"By design, a blockchain is a self-policing, verifiable ecosystem, but privacy and security considerations vary by offering. Advertising decision makers are split on whether or not blockchain is a secure method for transacting media buys," the paper observes. "This issue is muddied by attention-grabbing, alarmist headlines in the cryptocurrency arena. Advertisers should be sure to understand how any solution addresses security."
Technical obstacles also remain, but most expect them to give way in the near future. Just over half of advertisers and marketers are sceptical that currently available blockchain media solutions can operate at a speed consistent with managing media transactions, but three-quarters are confident that blockchain will be able to evolve to handle the speed and volume necessary for digital-media solutions in the future.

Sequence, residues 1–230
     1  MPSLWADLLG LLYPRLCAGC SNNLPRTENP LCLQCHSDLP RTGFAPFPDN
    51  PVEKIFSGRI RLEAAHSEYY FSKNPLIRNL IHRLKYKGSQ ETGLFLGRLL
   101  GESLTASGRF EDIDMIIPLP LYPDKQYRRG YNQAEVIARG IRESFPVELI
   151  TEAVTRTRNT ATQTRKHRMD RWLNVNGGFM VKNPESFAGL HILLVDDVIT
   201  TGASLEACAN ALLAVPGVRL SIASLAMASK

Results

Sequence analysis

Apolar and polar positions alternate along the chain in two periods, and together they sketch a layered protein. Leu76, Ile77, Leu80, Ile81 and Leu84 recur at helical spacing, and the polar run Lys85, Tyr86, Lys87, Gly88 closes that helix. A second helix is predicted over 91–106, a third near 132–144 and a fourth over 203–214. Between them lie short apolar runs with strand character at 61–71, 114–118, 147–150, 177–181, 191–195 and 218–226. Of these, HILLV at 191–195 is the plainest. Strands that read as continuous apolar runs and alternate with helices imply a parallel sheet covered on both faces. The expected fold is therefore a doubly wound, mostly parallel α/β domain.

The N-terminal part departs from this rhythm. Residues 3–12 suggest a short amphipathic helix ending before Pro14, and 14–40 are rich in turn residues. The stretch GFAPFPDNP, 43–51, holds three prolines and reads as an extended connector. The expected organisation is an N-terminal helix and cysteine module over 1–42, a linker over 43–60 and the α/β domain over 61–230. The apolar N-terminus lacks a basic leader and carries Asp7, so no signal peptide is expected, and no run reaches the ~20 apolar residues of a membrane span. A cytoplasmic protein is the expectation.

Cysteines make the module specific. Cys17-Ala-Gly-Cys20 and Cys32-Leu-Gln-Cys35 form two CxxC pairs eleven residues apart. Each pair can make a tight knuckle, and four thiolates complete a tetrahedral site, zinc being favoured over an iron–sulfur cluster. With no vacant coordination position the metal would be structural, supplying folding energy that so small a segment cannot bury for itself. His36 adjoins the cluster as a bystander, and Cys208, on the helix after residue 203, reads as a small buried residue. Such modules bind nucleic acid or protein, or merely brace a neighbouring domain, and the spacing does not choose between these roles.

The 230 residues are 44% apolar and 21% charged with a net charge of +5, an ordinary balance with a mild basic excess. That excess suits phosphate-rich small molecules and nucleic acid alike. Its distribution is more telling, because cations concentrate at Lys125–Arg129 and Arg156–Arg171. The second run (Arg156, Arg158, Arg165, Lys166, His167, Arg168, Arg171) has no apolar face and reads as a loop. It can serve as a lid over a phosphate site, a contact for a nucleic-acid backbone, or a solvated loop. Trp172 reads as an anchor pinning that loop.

It might also still be difficult to decipher the various solutions available. Advertising is often named as one of the more disruptable sectors, but no two solutions are alike.
For example, there's a significant subset aimed at rescuing free online media from the age of ad blockers in different ways.
Basic Attention Token is probably the best-known example and is intended to be an incentive token to share advertising profits between publishers and consumers. The Oyster Protocol is another and is intended to gently pull small amounts of CPU and GPU power away from site visitors to power a decentralised data storage ledger for non-advertising website revenue in place of banner ads. This solution is broadly similar to browser-based crypto mining.